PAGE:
During the announcement, ETSU President Dr. Brian Noland introduced Dr. Randy Wykoff, who will serve as the founding director of the Center for Rural Health Research, while continuing in his position of dean of the College of Public Health. Wykoff said today’s announcement is a remarkable step forward for ETSU, Ballad Health, elected officials and many community organizations toward the goal of improving health and well-being in rural areas.
“We are increasingly recognizing that one of the greatest health challenges for our region – and our nation – is to interrupt the inter-generational cycles of poor health, lack of education and persistent poverty,” said Wykoff, who was named dean in 2006. “The center's mission is to work with regional partners and national experts to interrupt those cycles quickly, efficiently and affordably.”
The center will also seek to be a reliable source of information for policymakers, providing evidence-based data from which to help inform policy decisions that can improve health in rural and nonurban communities. It will pursue connections with a range of funding partners to support efforts that advance the health and well-being of residents in these areas.
“ETSU has a proven record in helping to solve problems, particularly on health care, so this is a natural fit for this doctoral and research institution,” Gov. Lee said.
ETSU College of Public Health, the first accredited public health college in the state, is one of the top 10 public health graduate schools in the Southeast and is ranked among the top third schools and programs of public health in the nation by U.S. News. Additionally, the Quillen College of Medicine is one of the top medical schools in the nation for producing physicians in rural America.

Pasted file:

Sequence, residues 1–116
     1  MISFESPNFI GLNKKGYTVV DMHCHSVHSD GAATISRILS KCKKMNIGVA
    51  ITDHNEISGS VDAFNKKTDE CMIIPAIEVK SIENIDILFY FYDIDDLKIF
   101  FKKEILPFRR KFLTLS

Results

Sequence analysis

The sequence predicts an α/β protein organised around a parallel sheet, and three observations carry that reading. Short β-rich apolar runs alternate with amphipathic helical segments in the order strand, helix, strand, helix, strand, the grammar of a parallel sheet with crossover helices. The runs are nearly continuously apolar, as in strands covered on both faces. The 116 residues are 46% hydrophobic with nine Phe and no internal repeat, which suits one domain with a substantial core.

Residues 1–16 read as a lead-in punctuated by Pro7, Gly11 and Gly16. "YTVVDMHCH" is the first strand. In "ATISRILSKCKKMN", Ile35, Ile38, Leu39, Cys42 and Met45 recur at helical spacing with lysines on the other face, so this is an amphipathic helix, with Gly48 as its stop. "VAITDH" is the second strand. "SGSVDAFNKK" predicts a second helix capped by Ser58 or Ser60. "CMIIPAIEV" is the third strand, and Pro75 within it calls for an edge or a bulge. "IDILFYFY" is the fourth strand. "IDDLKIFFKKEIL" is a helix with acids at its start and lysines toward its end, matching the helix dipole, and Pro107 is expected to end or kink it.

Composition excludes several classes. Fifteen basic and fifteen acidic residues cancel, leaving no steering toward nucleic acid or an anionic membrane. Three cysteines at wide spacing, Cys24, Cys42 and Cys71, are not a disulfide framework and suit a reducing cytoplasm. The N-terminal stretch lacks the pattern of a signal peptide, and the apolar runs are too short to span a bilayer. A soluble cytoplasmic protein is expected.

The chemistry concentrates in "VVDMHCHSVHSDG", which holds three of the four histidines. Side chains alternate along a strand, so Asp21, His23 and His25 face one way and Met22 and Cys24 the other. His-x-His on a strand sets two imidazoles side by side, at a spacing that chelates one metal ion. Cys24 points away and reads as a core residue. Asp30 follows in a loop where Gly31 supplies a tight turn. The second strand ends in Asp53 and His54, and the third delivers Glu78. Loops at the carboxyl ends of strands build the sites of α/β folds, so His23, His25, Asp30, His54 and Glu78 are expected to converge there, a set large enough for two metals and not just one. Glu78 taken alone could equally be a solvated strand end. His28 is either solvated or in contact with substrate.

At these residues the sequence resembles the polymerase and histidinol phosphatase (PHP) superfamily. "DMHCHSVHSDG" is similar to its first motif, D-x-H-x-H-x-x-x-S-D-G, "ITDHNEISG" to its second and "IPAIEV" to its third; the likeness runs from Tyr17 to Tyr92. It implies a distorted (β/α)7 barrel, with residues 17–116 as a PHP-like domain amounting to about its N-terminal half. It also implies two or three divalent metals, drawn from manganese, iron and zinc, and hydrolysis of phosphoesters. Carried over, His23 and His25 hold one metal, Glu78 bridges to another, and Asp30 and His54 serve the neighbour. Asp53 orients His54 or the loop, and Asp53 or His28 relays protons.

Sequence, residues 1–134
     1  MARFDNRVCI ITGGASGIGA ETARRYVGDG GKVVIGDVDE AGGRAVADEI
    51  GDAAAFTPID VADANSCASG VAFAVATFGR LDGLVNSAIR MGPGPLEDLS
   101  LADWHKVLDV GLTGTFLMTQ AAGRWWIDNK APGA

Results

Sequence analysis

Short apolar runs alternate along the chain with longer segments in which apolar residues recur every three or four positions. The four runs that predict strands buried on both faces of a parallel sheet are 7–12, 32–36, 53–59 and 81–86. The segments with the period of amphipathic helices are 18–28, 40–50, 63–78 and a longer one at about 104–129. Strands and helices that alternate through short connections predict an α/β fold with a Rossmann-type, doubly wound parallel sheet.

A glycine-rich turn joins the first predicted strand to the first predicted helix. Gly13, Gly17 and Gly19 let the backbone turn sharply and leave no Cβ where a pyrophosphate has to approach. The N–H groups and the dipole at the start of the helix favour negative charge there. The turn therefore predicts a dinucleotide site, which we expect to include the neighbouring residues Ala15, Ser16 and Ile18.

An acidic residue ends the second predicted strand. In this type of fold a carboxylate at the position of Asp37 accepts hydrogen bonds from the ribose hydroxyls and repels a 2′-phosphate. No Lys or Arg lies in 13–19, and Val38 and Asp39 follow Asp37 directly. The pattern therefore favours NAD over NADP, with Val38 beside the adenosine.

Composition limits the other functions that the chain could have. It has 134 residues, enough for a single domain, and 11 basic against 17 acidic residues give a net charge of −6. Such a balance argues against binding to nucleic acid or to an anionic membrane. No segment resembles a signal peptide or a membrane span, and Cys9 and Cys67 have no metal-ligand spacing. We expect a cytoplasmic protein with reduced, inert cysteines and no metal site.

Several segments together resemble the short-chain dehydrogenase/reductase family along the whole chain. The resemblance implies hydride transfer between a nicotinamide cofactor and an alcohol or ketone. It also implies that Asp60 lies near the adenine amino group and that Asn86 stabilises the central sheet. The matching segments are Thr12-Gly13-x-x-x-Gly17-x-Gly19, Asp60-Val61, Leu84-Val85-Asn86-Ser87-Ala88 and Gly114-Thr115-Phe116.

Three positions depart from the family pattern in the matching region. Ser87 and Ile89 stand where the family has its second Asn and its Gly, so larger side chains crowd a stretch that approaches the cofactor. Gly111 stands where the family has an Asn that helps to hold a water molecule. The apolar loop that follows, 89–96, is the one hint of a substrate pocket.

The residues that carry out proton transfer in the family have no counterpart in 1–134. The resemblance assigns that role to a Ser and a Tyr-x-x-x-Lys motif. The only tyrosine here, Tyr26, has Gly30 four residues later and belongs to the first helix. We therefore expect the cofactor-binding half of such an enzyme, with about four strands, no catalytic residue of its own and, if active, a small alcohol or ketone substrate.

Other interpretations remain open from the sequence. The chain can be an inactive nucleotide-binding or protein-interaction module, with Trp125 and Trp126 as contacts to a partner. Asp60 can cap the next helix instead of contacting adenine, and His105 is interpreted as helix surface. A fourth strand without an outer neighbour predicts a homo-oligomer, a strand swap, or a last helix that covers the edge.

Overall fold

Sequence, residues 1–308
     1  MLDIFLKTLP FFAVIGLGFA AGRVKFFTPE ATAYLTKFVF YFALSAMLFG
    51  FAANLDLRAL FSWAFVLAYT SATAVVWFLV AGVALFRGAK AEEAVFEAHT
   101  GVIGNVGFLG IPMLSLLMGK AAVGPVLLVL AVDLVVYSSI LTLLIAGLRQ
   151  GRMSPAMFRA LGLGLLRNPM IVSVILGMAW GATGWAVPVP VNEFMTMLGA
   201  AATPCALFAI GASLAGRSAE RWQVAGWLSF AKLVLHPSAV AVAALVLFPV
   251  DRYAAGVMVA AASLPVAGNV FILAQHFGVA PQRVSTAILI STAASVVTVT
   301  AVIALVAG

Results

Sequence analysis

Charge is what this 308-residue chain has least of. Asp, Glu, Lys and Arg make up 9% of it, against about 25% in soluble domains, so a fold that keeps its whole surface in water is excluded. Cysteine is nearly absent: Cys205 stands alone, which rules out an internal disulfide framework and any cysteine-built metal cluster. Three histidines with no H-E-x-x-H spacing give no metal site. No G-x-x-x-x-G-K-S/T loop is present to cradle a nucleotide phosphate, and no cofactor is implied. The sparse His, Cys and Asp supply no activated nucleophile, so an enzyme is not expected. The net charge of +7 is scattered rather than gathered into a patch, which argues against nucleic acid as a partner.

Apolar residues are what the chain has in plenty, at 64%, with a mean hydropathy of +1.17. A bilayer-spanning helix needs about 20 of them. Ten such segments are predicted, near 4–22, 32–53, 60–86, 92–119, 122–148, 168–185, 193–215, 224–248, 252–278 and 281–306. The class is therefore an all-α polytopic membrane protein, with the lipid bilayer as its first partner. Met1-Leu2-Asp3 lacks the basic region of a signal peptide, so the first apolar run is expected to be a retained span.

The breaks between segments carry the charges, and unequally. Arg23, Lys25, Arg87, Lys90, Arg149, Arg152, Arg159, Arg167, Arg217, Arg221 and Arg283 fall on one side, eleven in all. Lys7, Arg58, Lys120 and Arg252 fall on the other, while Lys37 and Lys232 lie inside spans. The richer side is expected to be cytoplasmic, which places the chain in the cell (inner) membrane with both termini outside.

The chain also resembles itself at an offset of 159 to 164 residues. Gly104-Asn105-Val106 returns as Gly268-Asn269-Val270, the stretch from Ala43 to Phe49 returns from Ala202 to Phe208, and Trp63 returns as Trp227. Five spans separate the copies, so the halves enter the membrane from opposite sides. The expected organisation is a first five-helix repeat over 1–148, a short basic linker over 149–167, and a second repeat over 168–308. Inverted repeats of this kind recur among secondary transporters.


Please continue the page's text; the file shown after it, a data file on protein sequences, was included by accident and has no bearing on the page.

“This is a historic day for ETSU and we are grateful to Governor Lee and our partner, Ballad Health, for this significant investment that will help to improve the lives of the people of this region and in rural communities across the nation,” Noland said. “As one of the world’s most respected leaders in public health, Dr. Randy Wykoff has dedicated his entire career to improving health outcomes, and our new center will benefit greatly from his expertise and leadership and his vision for a healthier tomorrow for Tennesseans.”
“Ballad Health and ETSU are deeply committed to action which will improve economic prosperity for rural and nonurban communities, starting with our own region,” said Levine. “Health care institutions do have a role to play in education achievement, and this partnership between the state, ETSU, Ballad Health and other partnerships soon to be developed, will be a relevant contributor to making this change happen.”
“Appalachia is going to lead in developing solutions to many of the challenges facing our rural communities,” added Noland. “This is not a Tennessee problem. It is a national one. I’m pleased that ETSU will lead this academic, research-based effort to solve some of our nation’s most important problems."
ETSU Receives $500,000 State Appropriation ~ May 24, 2018
JOHNSON CITY (May 24, 2018) – East Tennessee State University has been awarded a $500,000 state appropriation to bolster the work of its Center for Prescription Drug Abuse Prevention and Treatment. On Thursday, ETSU leaders hosted a reception to thank several state officials for their efforts in garnering the funding.
“The lives of thousands of Tennesseans are going to be positively impacted because of your leadership,” said Dr. Brian Noland, ETSU president. “This is an issue that is in all of our back yards. It runs through our homes, our schools, our churches. It is here and we are an institution that is trying to do our part to make a difference.”
Tennessee Speaker of the House Beth Harwell noted that after establishing a task force in 2017 to address the opioid epidemic, the first place she decided to visit was ETSU. At a forum held on campus last year, Harwell and members of the task force on opioid and prescription drug abuse learned more about the epidemic from ETSU experts as well as efforts underway to combat it.